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8. Someone’s Looking at You: The Fine Art of Measuring

8. Someone’s Looking at You: The Fine Art of Measuring published on No Comments on 8. Someone’s Looking at You: The Fine Art of Measuring

Over the next several days, I’m posting cartoons I drew for Measuring the Networked Nonprofit: Using Data to Change the World, by Beth Kanter and Katie Delahaye Paine. I blogged about the book a while ago on Social Signal, explaining why I love it and why I think you should go buy a copy right now.

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Chapter 8, “Measurement Tools: How to Choose and Use the Right Tool for the Job,” will break your heart in two short sentences:

Many nonprofits think that fancy analytics or monitoring software will provide them with actionable information with just a click or two. This is seldom the case.

Dang. (By which I mean something less family-friendly.)

Fortunately, the work involved in turning data into insight can be actual fun. Katie and Beth walk you through choosing the tools to use (web analytics? a survey? content analysis?) depending on your goals and strategy, with an overview for each one. The section on surveys alone may be brief, but it’s worth the price of the book for anyone who’s been fumbling uncertainly with SurveyMonkey and wondering why they get such poor results.

Meanwhile, allow me to deploy a tool of my own to better understand my readers. By completing this survey, you’ll be entered to win a… um… uh… another cartoon tomorrow.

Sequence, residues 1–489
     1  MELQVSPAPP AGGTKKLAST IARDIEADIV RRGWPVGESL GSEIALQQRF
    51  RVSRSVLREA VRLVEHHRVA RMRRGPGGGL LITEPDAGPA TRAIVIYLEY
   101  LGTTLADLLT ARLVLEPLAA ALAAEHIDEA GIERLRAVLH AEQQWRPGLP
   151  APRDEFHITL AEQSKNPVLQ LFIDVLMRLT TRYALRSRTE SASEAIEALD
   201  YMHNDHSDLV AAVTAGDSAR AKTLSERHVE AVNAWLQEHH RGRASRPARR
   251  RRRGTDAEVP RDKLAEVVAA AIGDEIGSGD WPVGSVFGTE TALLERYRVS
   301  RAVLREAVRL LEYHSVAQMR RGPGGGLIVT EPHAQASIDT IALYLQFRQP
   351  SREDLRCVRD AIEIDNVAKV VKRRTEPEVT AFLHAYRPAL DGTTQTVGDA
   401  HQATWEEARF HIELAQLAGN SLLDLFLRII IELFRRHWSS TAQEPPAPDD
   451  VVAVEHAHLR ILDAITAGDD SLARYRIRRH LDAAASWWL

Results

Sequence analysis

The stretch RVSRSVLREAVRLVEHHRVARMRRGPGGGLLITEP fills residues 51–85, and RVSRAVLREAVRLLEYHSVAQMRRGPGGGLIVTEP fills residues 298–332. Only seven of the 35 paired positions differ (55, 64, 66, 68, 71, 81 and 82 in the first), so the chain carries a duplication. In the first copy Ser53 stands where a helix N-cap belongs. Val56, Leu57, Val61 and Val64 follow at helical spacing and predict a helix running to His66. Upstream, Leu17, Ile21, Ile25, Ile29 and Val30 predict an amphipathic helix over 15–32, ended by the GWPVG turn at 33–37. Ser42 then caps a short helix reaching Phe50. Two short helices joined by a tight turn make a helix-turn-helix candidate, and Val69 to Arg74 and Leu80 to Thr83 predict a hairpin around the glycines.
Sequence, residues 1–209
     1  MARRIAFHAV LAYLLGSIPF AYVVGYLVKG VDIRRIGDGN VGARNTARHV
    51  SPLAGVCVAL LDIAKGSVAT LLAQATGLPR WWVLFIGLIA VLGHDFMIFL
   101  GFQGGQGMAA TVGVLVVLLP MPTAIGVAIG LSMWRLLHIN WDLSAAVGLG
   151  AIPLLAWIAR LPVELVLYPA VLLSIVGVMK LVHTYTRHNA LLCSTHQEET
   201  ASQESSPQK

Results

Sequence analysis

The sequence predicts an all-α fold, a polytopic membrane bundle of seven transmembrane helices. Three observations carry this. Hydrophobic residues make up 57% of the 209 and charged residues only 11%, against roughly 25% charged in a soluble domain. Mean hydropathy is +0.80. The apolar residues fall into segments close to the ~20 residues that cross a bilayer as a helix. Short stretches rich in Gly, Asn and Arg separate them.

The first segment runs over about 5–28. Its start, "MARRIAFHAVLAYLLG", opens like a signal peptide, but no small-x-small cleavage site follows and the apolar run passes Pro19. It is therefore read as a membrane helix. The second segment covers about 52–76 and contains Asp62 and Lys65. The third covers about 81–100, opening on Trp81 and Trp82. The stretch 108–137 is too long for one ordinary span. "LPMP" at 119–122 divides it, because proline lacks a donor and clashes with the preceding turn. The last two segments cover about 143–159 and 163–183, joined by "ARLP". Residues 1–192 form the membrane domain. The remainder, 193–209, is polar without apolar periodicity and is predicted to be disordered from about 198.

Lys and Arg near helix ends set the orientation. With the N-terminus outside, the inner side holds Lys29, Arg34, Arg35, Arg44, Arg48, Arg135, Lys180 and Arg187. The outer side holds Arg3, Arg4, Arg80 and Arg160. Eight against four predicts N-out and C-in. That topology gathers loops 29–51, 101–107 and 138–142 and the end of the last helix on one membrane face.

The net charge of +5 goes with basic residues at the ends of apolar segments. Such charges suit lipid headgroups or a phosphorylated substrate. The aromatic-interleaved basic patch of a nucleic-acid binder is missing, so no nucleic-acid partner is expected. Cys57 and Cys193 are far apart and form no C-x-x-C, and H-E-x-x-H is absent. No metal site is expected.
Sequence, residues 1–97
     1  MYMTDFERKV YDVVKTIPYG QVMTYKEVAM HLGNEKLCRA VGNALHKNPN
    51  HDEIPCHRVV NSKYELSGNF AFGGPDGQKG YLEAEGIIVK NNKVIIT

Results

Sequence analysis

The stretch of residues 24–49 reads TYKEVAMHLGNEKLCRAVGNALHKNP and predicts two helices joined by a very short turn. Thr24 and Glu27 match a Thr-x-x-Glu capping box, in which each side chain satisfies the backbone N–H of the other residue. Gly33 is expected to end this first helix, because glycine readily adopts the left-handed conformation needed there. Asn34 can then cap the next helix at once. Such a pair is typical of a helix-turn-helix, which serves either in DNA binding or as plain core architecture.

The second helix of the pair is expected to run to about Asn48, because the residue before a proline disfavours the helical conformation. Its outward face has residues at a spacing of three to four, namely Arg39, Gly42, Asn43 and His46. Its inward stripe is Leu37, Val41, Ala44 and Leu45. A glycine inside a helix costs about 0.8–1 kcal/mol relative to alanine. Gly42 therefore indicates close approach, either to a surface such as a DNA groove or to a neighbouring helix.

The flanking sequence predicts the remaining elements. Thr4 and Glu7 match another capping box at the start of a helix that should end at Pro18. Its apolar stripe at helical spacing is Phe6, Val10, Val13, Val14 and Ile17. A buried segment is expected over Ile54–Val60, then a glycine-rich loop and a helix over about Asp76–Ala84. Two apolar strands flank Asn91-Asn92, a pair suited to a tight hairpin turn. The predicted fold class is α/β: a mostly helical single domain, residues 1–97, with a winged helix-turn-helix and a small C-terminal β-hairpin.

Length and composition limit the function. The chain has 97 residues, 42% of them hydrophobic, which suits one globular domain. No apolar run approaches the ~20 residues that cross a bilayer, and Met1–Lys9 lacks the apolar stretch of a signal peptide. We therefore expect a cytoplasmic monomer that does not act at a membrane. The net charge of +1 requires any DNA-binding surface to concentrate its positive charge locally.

Evernote: We are all one with the Trunk

Evernote: We are all one with the Trunk published on 5 Comments on Evernote: We are all one with the Trunk

Originally published on ReadWriteWeb

There’s always the risk when you first step into the world of productivity that you lose yourself — that you spend far more time immersed in productivity books, lectures, podcasts, videos and apps than you doactually being productive. That instead of Getting Things Done, you’ll Get Productivity Books Read.

I got into productivity kind of sideways. I read Susan RoAne’s How to Work a Room out of desperation shortly after leaving university; I offered to stand as a little-to-no-hope candidate for a political party, and I urgently needed a crash course in how to walk into a room full of strangers and actually talk to some of them. I was nervous, because the title sounded like the kind of icky insincerity I’d hate to embrace – but to my happy shock, her advice was excellent. True, that wasn’t a productivity book as such. But it was the gateway drug that led me to try out the Day-Timer system.

And then I read Stephen Covey’s 7 Habits of Highly Effective People. It achieved the absolute sweet spot for any author hoping to sell sequels, in that it completely changed my perspective on personal productivity while in no way altering my behaviour. Again, not a productivity book as such… but it teed me up to read Getting Things Done.